This article addresses the imagination of Turkic in the work of one of the most influential Russian Muslim jadidists, İsmail Bey Gasprinskii (1851–1914), in the context of the communications and philological revolution of the nineteenth century. Considered the founder of modern Turcology and pan-Turkism, Gasprinskii edited the most influential and enduring newspaper of the period, Tercüman/ Perevodchik (Interpreter), seeking to establish a simplified written Turkic language as the “common literary language” of a wide reading public that by the late nineteenth century stretched from Istanbul through Caucasia to Turkestan. His 1887–1889 serialized novel, Frengistan Mektupları (European Letters), which thematized the translative travel of Turkic across other languages (most notably French), constitutes an important archive of not only the register but also the imagination of the Turkic language itself as a medium. Through a reading of this serialized novel and its sequels, I will suggest that Gasprinskii imagined the Turkic language as an unheimlich force linking its users to unseen and unheard places, rather than as a homogeneous empty medium. If Gasprinskii’s writings ultimately gave way to a discourse of Muslim Turkic identitarianism, I suggest, we can ascribe that to his profound enchantment with and fear of an overwhelming translative Turkic producing unpredictable effects.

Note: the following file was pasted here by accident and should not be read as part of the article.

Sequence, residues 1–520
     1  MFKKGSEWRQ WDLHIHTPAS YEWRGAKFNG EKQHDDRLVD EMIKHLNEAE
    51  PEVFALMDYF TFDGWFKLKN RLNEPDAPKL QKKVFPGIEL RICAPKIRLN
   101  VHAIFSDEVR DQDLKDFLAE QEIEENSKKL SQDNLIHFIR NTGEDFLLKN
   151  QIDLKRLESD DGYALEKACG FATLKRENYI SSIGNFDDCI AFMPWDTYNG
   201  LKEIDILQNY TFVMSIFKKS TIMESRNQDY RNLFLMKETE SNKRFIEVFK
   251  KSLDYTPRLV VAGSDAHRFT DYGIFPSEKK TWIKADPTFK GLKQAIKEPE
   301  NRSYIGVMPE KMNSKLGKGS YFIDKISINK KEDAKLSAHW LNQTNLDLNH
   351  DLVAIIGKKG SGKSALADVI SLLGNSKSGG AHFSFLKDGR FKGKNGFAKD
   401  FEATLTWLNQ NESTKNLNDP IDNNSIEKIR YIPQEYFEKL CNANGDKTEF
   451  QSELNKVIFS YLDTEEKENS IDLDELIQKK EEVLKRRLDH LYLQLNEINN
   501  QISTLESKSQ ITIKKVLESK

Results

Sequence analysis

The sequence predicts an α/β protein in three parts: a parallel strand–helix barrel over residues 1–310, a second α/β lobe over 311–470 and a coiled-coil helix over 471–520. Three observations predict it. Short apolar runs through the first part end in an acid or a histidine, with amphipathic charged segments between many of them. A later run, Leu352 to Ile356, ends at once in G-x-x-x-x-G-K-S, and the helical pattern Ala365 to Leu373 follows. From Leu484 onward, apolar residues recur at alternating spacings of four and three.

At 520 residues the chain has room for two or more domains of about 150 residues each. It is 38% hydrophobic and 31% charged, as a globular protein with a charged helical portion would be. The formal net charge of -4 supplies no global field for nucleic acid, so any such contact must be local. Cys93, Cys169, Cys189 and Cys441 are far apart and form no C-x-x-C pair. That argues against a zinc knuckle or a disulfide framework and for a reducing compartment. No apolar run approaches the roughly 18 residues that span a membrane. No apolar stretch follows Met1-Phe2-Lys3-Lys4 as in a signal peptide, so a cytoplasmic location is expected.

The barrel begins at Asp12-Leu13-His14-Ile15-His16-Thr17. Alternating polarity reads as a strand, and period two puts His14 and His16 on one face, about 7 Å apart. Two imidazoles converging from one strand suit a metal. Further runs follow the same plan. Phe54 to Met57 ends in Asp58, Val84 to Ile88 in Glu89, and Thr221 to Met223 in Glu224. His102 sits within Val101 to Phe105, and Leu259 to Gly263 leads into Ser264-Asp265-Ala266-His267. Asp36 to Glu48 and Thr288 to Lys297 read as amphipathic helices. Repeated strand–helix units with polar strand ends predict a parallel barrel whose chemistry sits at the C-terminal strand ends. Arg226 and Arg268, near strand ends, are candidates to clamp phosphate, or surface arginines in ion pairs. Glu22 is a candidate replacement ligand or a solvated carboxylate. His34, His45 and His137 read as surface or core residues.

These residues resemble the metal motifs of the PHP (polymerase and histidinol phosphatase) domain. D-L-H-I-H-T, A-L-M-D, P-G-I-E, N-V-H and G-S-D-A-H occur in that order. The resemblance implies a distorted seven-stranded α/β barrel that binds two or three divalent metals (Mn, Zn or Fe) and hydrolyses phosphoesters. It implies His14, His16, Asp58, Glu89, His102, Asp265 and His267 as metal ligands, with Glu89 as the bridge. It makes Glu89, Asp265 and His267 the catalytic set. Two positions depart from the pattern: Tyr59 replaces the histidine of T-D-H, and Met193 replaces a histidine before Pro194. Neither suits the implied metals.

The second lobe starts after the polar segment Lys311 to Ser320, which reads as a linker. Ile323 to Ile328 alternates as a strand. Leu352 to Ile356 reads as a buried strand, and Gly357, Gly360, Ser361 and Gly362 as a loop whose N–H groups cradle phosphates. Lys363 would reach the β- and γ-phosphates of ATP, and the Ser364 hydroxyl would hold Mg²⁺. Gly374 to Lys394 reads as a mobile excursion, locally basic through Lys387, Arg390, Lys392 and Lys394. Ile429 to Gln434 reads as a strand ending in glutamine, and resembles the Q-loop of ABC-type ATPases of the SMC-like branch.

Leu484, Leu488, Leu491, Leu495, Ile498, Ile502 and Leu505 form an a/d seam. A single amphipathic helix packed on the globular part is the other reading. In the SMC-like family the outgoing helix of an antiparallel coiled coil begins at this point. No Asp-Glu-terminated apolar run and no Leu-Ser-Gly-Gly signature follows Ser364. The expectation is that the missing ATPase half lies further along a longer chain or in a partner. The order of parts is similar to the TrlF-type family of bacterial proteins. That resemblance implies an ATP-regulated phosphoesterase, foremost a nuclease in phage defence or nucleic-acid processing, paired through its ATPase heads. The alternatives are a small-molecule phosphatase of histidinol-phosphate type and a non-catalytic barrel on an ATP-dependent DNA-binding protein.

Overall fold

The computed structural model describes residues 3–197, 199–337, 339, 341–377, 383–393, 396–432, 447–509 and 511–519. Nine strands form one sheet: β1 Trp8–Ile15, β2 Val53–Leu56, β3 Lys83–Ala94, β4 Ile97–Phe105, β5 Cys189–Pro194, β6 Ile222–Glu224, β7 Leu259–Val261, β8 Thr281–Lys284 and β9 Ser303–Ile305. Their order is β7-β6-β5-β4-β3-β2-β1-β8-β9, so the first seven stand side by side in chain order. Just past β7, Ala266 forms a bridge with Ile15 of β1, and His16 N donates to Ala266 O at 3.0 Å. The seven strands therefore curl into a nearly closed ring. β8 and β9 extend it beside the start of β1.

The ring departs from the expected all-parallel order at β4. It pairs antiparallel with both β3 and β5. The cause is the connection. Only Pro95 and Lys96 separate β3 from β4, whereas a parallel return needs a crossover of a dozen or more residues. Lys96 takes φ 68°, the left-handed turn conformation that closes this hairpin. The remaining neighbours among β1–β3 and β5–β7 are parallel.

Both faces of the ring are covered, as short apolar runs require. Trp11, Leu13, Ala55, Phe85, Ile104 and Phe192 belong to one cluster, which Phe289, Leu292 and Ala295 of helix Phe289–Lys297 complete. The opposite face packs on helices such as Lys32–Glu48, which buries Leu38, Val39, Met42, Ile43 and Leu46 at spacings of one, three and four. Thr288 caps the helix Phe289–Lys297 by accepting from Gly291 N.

All Science Journal Classification (ASJC) codes
- Literature and Literary Theory